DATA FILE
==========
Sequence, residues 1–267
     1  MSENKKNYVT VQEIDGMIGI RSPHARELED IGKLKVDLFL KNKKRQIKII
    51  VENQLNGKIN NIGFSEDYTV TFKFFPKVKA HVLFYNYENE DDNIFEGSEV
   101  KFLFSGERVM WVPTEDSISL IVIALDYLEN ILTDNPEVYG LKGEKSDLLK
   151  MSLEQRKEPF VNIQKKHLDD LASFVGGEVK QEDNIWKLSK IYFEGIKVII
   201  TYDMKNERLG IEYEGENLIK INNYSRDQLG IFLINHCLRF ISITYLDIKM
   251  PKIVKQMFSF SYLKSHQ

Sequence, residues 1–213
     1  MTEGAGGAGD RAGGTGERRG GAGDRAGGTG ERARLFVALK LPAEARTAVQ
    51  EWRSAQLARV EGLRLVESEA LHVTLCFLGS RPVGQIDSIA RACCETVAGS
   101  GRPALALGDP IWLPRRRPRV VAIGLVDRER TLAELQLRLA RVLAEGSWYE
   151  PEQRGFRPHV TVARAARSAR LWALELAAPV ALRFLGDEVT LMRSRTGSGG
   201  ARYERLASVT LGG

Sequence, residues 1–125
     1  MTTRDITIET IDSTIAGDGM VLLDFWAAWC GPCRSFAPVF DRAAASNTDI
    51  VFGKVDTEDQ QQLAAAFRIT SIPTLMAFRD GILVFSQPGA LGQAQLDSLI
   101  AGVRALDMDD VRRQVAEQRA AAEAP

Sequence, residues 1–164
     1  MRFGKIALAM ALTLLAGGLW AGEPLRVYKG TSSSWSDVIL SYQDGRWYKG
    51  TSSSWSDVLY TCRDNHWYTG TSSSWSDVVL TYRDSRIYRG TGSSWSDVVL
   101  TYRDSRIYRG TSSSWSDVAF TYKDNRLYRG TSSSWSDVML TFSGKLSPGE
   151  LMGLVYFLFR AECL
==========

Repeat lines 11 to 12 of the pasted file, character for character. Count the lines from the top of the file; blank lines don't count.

   101  GRPALALGDP IWLPRRRPRV VAIGLVDRER TLAELQLRLA RVLAEGSWYE
   151  PEQRGFRPHV TVARAARSAR LWALELAAPV ALRFLGDEVT LMRSRTGSGG